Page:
Natural History Museum
The Natural History Museum (Museo Civico di Storia Naturale di Milano) has 23 rooms and features dedicated exhibitions on mineralogy, paleontology, humanity, vertebrates and invertebrates. The museum is housed inside a classic example of 19th-century Italian construction. Architecture enthusiasts will love the intricate design both inside and out. Since this is one of the most important natural history museums in Europe, a visit is a must for anyone with an interest in the natural world.
When the Italian naturalist, Giuseppe de Crisforis passed away, he donated his vast collections of artifacts to the city of Milan. The next year, in 1838, the Museo Civico di Storia Naturale di Milano was born. Today the museum prides itself on its accessibility. The information provided is engaging to a range of academic levels. A child will take away as much from the museum as a teacher, with a carefully curated selection of information provided in both English and Italian. A guide to the museum is available, offering detailed information about the exhibits in all its rooms.
Stroll among the huge dinosaur skeletons in the paleontology collection. See casts of the stegosaurus and the plateosaurus. The skeletons of two pygmy elephants are included in the collection; both were found on the Italian island of Sicily.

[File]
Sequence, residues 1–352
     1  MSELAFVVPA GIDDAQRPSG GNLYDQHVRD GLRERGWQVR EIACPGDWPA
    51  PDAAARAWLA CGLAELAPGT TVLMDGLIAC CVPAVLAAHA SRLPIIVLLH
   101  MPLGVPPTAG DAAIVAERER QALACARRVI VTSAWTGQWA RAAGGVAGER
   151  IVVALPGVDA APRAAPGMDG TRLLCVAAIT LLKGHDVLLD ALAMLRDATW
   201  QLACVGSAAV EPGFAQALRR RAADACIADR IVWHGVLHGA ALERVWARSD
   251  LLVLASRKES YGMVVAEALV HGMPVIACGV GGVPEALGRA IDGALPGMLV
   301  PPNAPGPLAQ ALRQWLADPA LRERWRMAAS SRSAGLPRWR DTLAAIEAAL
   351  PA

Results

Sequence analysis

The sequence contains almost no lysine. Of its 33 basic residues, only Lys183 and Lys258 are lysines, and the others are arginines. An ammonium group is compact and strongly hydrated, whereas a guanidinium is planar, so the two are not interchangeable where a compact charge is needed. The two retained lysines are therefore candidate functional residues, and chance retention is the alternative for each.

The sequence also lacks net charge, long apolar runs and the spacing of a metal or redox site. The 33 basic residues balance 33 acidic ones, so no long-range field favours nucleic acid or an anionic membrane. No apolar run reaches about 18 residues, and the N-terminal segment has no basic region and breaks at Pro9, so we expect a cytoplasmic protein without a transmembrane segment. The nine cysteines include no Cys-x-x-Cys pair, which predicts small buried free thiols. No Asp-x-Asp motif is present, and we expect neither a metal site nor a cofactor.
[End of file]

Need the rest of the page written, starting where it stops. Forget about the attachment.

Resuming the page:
Discover vertebrates and invertebrates in the zoology collections. The giant clam and Japanese spider crabs are crowd favorites. The second floor of the museum is dedicated to a large taxidermy collection. See the 40-foot (12-meter) sperm whale, as well as a range of creatures from across the European continent.
The Natural History Museum is located in central Milan, within the grounds of Giardini Pubblici Indro Montanelli. Reach the museum by metro, or find metered parking in the nearby streets for a fee. The museum is closed Mondays and some holidays. Entrance is subject to a small charge.